XCFeedsThe Road to Oslo has a new bump in it

Avatar scott johnstonFebruary 13, 2011

We have had an internet blackout at our at Knut’s Hyttegrend (I think Hyttegrend is Norwegian for funky cabins) so please excuse the time delay of this post.

Can one feel elation and disappointment at the same time? Yesterday’s Norwegian Cup Sprint race here in Beitostolen, Norway elicited these feelings from me and I am sure for Torin too.

For this race Torin made some slight changes to his technique and strategy for the sprint qualifier and these paid off nicely, with a solid 4th place, oner second behind Anders Gloersen (second in the last 2 World Cup Sprints) and a bit less than one second behind Andy Newell. The new guy on the block, Simi Hamilton, smoothly slipped into 10th place. It was nice to see the long list of some of Norway’s top sprinters behind these US guys. It shows that we have the talent to assemble our own US version of the Norwegian powerhouse sprint team whose symbiotic training has given them both great depth and supportive training opportunities to be the dominant force in World Cup sprinting in the last few years.

Torin (in orange) leaving the stadium in the 1/4 final

The US ladies also had a standout day with Sadie Bjornsen, Ida Sargent and Jessie Diggins qualifying 4th, 5th, 6th.

An aside:
We were very ably assisted in ski service by the legendary Per Knut Aaland whose aid we have enlisted in previous races in Norway. While I acted as the test monkey and wax room go-fer, P-K did the heavy lifting. I was in some races with Per Knut back in the day. You’ll notice that I didn’t say that I competed against him. While I was on the third page of the results, Per Knut was one of the Norgwegian powerhouse skiers of the 70s and 80s whose results still inspire a great respect from old and young skiers. As a 22 year old P-K finished 6th in the 50km in the ’76 Olympics and in the 1980 games in the Lake Placid he skied the Norwegian relay team from a 28 second deficit back into the lead on the second leg to take the silver medal. He laughingly says that his record of 5 second places in the Holmenkol Ski Festival now causes him to drink a lot. His post racing career has been spent as a wax tech for the Norwegian National Team during Bjorn Dahlie’s career. This is serious street cred. It has been a pleasure getting to know and work with such a great, yet humble, icon of skiing.

Back to the sprint heats:
Torin and Andy advanced well through to the final and toed the line together for the first time in to long a while. Two hundred meters into the final a Norwegian skier got tangled with Torin who got spun a little sideways but stayed up unlike the unlucky Norwegian who went down hard. This put Torin and Andy near the back of the field as they left the stadium into a hard right hander. With this fast crowd there is scant opportunity to pass until the final long hill back to the stadium, which is where Torin had successfully put the hurt on both his 1/4 and semi heat mates. Here, Torin made his planned move and went around Andy and was up to 3rd place when suddenly his right arm refused to obey any commands. The right shoulder had become partially dislocated and stayed that way for about 30 seconds. As they approached the final turn into the stadium Torin’s shoulder went back into its proper location. By then the finish order was pretty well set and they all finished in a single file with ski tip to ski tail and Torin and Andy taking 4th and 5th respectively. A very solid US showing in the lead up to the World Champs. These two can make up a medal winning sprint relay team. As for the shoulder we’re thinking that at some point in the race someone must have stepped on his pole basket to pull on his arm while it was extended back.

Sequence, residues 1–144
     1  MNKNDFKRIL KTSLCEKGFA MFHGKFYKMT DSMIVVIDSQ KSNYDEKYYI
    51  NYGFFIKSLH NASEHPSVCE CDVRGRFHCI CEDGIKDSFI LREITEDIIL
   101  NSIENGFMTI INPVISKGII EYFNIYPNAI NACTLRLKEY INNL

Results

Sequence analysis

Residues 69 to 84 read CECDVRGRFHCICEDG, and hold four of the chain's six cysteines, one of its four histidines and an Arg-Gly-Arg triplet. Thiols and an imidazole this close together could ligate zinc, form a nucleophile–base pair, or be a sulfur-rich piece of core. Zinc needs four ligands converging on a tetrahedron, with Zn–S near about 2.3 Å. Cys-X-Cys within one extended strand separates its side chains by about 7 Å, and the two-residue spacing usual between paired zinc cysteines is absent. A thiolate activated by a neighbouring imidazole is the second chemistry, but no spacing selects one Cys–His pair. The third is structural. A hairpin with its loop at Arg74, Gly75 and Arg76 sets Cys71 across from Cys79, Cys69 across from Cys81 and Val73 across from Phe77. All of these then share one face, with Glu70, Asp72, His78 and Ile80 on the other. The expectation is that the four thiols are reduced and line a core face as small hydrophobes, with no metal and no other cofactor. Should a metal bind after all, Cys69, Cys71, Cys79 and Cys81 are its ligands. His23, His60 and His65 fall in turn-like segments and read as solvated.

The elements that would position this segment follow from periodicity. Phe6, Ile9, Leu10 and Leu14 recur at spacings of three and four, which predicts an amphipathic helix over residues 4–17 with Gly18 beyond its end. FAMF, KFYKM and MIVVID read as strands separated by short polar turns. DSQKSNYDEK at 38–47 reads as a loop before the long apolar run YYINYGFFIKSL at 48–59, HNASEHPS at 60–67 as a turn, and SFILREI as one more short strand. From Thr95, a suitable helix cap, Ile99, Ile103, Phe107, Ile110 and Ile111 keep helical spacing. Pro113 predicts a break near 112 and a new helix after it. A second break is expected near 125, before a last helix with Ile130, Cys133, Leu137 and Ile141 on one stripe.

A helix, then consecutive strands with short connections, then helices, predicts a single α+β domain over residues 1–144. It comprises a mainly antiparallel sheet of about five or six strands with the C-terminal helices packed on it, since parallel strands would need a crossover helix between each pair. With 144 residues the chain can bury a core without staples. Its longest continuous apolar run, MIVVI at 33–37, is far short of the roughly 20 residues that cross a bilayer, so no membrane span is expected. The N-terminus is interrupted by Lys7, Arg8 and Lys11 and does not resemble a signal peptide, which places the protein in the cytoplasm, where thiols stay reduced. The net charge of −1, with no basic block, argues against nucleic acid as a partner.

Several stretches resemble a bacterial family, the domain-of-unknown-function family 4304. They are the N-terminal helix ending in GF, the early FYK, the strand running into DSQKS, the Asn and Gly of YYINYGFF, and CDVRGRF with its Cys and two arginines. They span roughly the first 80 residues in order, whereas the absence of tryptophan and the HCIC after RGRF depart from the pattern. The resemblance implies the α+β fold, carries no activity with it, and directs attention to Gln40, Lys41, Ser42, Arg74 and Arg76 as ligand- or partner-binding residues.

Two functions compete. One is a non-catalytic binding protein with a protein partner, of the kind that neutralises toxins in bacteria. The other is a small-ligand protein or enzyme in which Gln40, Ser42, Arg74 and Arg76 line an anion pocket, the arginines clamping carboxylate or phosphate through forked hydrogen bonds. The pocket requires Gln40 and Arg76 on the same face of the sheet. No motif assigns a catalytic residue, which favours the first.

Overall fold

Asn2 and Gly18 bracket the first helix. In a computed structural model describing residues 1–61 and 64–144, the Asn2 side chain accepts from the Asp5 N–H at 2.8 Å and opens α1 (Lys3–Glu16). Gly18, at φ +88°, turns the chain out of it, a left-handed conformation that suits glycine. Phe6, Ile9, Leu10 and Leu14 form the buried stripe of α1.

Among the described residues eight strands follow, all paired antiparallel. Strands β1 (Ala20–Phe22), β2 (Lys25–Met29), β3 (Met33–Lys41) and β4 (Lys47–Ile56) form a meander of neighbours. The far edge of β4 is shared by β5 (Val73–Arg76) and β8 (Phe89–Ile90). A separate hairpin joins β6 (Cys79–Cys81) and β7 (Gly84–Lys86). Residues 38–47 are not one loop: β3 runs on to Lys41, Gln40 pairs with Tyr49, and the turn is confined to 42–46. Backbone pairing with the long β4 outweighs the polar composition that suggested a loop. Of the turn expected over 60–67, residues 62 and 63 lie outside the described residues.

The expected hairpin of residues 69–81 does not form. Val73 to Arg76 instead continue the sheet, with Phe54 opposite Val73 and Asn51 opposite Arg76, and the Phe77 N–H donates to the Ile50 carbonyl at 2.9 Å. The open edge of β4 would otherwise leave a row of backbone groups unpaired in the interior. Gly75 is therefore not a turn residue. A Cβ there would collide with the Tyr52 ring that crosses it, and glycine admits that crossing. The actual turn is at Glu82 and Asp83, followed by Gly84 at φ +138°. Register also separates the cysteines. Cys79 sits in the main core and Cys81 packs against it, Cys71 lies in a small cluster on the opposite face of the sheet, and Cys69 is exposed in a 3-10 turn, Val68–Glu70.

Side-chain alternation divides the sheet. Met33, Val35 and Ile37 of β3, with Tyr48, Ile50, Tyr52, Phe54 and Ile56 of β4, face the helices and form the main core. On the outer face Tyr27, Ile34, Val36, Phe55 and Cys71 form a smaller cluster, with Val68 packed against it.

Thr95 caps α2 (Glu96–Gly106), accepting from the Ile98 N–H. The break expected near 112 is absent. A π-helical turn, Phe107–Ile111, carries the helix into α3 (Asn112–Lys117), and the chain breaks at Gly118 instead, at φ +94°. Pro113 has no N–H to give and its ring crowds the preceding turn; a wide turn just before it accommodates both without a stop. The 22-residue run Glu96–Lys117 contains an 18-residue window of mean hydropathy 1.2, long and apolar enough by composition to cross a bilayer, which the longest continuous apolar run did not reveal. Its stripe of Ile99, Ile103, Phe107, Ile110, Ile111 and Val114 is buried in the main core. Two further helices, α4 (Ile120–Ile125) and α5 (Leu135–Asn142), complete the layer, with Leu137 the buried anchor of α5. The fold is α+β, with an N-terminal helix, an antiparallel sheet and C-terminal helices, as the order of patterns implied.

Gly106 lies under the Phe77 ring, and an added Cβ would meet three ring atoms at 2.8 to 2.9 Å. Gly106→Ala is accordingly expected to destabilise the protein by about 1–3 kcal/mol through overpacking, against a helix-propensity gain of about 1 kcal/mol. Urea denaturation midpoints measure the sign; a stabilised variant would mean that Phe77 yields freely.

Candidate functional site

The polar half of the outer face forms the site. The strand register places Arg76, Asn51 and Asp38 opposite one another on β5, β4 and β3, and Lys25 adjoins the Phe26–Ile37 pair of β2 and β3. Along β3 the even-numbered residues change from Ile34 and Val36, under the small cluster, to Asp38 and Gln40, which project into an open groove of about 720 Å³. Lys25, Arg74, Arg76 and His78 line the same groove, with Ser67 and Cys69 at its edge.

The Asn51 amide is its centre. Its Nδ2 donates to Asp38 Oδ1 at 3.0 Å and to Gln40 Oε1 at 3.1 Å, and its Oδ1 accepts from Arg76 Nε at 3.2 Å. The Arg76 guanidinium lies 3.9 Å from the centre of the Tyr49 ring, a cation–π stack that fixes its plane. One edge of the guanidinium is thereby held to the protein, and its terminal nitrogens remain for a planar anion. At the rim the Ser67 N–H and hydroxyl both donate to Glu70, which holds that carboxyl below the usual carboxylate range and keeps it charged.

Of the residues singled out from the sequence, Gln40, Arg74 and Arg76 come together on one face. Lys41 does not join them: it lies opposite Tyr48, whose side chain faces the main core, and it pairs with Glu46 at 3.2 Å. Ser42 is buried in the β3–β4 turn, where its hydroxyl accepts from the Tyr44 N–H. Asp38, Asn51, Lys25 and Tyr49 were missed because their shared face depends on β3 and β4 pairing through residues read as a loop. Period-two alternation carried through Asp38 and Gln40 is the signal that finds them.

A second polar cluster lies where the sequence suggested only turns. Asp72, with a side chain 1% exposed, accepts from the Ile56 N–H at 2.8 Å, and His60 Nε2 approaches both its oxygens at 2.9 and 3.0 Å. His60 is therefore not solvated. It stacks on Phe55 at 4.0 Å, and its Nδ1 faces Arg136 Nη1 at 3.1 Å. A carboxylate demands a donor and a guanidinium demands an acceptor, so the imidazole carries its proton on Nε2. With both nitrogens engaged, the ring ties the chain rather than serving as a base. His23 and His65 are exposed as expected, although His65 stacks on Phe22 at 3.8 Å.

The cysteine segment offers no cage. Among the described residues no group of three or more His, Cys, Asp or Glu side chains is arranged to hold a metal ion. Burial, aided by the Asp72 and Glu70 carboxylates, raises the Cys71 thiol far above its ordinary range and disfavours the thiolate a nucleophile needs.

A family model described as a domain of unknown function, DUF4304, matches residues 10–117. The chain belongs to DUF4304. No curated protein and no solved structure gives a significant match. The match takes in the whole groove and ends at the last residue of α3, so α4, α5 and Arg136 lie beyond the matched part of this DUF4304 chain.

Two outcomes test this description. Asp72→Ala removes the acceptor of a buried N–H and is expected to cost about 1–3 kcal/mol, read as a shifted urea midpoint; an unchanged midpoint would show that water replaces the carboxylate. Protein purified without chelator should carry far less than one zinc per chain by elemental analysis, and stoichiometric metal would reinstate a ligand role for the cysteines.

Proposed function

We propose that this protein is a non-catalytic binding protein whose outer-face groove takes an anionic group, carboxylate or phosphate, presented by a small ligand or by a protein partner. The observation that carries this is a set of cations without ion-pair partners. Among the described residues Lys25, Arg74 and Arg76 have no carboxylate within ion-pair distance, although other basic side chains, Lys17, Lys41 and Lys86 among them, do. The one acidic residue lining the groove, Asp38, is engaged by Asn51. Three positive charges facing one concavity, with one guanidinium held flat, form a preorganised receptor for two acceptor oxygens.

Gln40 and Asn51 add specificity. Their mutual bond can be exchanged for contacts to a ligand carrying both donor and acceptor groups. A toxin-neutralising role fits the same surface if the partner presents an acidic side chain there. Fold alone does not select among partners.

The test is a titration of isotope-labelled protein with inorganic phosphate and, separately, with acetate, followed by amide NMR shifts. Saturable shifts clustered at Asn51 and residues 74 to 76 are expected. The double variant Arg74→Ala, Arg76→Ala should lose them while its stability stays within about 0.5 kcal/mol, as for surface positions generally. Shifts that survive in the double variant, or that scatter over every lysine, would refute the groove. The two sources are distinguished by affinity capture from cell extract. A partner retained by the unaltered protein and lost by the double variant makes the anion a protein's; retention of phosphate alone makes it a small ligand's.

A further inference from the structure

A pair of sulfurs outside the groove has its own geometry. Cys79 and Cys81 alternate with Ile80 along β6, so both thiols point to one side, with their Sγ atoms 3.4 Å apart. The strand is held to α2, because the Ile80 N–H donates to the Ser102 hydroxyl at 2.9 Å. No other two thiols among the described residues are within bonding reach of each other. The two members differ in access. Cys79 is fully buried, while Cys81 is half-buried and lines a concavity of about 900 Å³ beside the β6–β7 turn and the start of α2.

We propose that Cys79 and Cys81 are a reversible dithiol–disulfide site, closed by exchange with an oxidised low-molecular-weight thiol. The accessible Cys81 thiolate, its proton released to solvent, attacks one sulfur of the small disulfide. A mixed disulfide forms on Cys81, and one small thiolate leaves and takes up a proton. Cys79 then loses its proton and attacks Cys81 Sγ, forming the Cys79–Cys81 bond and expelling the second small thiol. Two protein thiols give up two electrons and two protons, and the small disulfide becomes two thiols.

The final heat enters the stadium with Gloerson in the lead

Viewing this through the lens of hindsight we feel the elation of having maintained our steady march to being in best the form by World Champs in two weeks and a general validation of our approach this year to training Torin.

The shoulder issue is certainly a serious problem to work around. It will mean no poles skiing at least for this week as we assess the shoulder day to day. We have some great medical support here given by the Norwegian Ski Federation PT and she has arranged for Torin to get an MRI to asses the extent of the damage when we move down to Drammen in 5 days. But at this point we plan to stay the course with the focus on 12 days from now but will skip the World Cup in Drammen next Friday.



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scott johnston

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